She will be three in November, but she is the least whiny two-and-a-half year old I have ever seen. She's always laughing, able to amuse herself with a game timer, and thinks that Jeff hung the moon. (Well, Sarah's a favorite, too.) Yesterday she played with Sarah and Jeff in the surf, laughing hysterically, until she had blue lips. I remember those blue lips. Our own kids wouldn't get out of the surf until their lips were purple.
To warm up, she sat on Sarah's lap, wrapped in two beach towels, flirting with Jeff. It's a good thing that Ashley is a National Champion sharpshooter, because they're going to need big guns, probably about the time Autumn turns eight. It's a real credit to Scott and Ashley, and their parenting skills, that Autumn is such a happy, well-adjusted girl. We've all enjoyed her so much. Here she is wearing Sarah's shoes. This morning she's been amusing herself with a tape measure for an hour now. I love that in a baby.
And Ashley has been such a pleasant surprise. She quilts! She knits! She blows things up with gunfire! We've been looking at quilting magazines, and she's knitting a sweater for Autumn, insisting to me how easy it is. I do not have good memories of knitting, but I almost want to try again. I do needlepoint until the urge fades.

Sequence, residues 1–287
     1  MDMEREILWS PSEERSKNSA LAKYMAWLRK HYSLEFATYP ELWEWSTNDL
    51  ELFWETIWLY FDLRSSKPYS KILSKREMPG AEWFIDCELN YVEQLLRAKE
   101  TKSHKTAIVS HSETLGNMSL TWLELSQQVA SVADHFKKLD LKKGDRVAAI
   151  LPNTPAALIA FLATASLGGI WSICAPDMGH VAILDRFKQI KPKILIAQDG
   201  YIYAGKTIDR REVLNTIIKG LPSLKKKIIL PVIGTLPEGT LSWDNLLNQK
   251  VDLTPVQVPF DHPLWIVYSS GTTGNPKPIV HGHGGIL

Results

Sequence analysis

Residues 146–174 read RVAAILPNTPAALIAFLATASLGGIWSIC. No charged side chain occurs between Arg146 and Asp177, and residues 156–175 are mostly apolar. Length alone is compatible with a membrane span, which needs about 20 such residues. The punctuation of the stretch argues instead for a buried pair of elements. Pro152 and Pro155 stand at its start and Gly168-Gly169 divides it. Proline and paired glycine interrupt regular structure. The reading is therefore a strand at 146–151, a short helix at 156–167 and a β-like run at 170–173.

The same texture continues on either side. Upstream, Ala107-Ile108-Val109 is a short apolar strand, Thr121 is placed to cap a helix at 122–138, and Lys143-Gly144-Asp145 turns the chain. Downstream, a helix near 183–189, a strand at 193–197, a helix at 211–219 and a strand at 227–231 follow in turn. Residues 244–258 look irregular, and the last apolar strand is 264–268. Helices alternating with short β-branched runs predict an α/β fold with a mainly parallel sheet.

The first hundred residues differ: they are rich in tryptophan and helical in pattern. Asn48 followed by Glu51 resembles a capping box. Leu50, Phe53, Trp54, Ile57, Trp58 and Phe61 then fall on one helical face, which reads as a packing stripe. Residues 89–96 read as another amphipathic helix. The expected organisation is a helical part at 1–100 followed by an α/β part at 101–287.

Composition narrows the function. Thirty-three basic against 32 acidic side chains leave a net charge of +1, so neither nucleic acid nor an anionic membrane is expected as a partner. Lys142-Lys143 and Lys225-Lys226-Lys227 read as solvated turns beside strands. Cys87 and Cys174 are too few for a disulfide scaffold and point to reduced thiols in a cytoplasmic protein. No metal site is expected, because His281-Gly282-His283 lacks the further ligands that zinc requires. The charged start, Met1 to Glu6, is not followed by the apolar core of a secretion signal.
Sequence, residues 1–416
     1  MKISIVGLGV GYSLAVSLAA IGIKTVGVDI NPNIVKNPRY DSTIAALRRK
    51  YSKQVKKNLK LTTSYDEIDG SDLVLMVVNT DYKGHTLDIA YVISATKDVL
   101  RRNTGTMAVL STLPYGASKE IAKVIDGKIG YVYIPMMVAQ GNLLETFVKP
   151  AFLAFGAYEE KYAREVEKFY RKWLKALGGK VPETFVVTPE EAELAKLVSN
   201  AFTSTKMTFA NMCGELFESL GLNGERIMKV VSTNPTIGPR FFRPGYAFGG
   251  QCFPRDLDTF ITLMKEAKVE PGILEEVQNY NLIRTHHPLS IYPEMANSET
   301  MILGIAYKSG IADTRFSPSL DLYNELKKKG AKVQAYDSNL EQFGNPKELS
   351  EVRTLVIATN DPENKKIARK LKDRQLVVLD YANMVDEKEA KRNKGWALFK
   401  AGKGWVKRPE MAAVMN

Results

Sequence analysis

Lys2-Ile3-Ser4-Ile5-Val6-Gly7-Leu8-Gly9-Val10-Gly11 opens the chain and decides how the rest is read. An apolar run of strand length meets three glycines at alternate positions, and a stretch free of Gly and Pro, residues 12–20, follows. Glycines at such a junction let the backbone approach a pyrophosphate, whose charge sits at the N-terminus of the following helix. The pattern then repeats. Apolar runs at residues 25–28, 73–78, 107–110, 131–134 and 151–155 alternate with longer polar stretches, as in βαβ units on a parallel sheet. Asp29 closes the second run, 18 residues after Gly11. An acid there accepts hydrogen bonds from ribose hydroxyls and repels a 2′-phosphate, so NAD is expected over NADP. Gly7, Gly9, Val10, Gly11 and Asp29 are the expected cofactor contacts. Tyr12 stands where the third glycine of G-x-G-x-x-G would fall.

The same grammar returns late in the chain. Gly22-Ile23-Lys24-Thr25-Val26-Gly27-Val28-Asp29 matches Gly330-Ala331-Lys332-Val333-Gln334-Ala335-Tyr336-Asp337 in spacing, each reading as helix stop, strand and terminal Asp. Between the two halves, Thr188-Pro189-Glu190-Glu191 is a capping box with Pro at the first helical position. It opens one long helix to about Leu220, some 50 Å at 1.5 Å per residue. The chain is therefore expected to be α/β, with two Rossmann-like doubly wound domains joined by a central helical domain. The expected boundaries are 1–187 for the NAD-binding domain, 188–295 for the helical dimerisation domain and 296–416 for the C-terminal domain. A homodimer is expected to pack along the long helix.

We celebrated by going to Ocracoke for dinner at Jimmy's Seafood Buffet. The buffet was just mediocre, but the trip was a blast. On the ferry going over, there were very few cars, so we had lots of room to spread out and enjoy the ambiance. My experience with ferries is limited to the Jamestown-Scotland ferry in Tidewater. That one a.) doesn't cross deep water, and b.) doesn't have waves. The Hatteras-Ocracoke ferry crosses the mouth of Hatteras inlet, and even on a relatively calm day like yesterday, the swell is enough to toss you about.
It was in the midst of this swell, when most of us were leaning over the port rail looking at the waves breaking across the mouth of the inlet, that we noticed Brent's face. It was green. Oh dear. This did not stop him from slamming back a mortal ton of crab legs at dinner, but it did make him apprehensive about the trip home. We started calling him Chum Bucket. Fortunately for him, the trip back was quieter, from a wave standpoint.